The Saturday Night Rewind series kicked off in March with John Carpenter's endearingly goofy 1986 adventure film "Big Trouble in Little China." The schlocky "Critters" followed in April, and Sam Raimi's cult-classic "The Evil Dead" was shown in May. Last month's screening of "Aliens" nearly sold out, and nodding to the bloodthirsty horror flick rivalry, "Predator" is scheduled for Saturday, July 30. Saturday Night Rewind will screen "Raiders of the Lost Ark" on Saturday, August 20.
Screening on 35mm film is crucial to the nostalgic vibe of Saturday Night Rewind. It's a way to recapture child-like enthusiasm while also tapping into the pleasure of experiencing a physical media that's too often lost in our digital age.
That tactile sensation sometimes includes the natural wear and tear of time, but those rough edges only add to the appeal, Scrivens says. Even if the print's "a little worn out, it's cool because film's a living thing; it goes through changes. And with these original prints, they've been handed off and handed off to theaters across the country, so they get dings and they get scratches. It's like an antique, or an heirloom, almost."
That experiential quality is emphasized by Chris Hogan-Roy and Eric Maira, projectionists at The Little. Together with Scrivens, they form the brain trust behind Saturday Night Rewind and collaborate on selecting the film lineup, tracking down prints, and organizing each event.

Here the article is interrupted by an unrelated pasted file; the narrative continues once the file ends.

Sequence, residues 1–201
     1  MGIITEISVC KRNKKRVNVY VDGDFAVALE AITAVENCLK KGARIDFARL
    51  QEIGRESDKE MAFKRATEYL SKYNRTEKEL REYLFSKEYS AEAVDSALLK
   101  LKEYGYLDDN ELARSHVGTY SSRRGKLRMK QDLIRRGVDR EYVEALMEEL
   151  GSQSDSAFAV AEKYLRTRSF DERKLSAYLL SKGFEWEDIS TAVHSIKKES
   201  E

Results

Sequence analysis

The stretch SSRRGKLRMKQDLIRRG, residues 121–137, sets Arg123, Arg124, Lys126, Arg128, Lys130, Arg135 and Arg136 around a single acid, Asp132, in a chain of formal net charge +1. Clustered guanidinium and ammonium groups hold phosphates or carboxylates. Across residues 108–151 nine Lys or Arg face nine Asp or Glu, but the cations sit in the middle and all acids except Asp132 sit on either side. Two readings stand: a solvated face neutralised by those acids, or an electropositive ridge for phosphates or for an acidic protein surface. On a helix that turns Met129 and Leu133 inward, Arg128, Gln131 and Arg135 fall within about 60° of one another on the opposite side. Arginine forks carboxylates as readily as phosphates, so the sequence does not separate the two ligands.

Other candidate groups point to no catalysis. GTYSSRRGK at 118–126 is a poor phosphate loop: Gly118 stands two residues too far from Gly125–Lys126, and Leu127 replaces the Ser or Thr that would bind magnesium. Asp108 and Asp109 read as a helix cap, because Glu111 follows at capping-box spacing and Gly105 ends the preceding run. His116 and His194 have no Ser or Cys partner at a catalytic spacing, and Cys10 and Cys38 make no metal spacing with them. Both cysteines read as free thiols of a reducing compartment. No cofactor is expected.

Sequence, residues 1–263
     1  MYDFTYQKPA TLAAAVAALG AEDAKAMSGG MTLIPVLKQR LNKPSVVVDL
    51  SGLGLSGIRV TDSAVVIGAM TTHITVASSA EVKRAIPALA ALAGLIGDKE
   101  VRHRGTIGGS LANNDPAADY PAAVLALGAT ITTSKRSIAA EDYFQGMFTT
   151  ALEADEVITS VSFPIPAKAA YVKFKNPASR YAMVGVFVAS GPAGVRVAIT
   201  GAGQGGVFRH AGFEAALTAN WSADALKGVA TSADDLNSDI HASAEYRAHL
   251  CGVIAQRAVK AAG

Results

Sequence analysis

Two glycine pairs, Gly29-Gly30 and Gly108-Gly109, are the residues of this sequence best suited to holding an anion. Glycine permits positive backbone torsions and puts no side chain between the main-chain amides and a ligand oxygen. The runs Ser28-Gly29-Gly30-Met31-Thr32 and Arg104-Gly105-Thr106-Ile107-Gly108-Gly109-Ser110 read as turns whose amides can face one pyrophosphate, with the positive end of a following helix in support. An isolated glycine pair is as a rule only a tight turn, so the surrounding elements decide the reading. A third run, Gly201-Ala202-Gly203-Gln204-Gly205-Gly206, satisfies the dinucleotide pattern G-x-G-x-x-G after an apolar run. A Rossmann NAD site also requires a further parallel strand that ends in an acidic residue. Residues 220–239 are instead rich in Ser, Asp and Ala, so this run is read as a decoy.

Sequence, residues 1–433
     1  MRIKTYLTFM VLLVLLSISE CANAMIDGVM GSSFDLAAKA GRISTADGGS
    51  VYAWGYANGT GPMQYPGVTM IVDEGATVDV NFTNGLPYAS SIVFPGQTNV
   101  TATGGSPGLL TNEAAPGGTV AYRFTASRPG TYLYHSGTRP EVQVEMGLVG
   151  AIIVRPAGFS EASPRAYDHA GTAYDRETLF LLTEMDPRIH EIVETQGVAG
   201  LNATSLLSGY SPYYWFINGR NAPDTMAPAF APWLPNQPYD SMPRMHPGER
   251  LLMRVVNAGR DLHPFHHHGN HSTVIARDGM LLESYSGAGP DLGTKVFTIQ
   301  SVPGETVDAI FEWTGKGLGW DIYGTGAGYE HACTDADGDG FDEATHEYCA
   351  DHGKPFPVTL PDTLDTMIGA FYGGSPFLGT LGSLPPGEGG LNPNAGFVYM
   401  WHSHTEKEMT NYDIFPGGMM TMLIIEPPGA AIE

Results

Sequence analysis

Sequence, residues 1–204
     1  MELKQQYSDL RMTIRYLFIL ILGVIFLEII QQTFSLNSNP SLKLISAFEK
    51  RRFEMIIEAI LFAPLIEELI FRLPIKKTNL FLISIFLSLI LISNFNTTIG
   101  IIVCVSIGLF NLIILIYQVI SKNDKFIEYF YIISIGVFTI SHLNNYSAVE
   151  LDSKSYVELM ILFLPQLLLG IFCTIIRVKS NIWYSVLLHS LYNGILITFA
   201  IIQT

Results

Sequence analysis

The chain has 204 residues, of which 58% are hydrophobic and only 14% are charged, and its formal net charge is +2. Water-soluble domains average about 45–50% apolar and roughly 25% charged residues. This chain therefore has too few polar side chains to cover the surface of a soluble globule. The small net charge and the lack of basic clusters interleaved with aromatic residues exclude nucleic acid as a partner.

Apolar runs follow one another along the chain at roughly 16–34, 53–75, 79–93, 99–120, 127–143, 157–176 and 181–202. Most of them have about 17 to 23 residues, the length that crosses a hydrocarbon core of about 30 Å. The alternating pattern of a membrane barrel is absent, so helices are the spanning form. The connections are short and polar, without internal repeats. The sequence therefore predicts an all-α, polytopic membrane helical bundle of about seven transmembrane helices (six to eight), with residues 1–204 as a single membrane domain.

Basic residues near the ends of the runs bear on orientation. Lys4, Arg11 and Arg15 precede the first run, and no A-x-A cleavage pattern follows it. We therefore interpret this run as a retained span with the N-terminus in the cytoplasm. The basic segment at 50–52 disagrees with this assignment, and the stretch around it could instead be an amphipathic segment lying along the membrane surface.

"You're buying a ticket to be thrown back to a time," Hogan-Roy says. "These are prints that are from that era — and not restored prints, either — so they're prints that actually played in the 80's and 90's. It's all about creating that atmosphere."
Attending the screenings, there's something undeniably transportive about being surrounded by an enthusiastic audience and hearing that unmistakable clacking of the projector while watching a film. "Even if you've seen the movie 100 times," Scrivens says, "to see it in its original format is the greatest thing. I know I just want to enjoy a film in the presence of other people and have fun. I feel like it's a big living room and people are just invited over for a party."
A few local filmmakers are also getting in on the action: Saturday Night Rewind has commissioned shorts from local filmmakers John Vincent and Mike Boas to play in front of certain films. Before the shorts, retro horror-centric movie trailers set the tone for the evening as audiences take their seats. "It's nice from start to finish to put on a show," Hogan-Roy says. "There's constantly something happening on screen. It flows from one thing to another and another."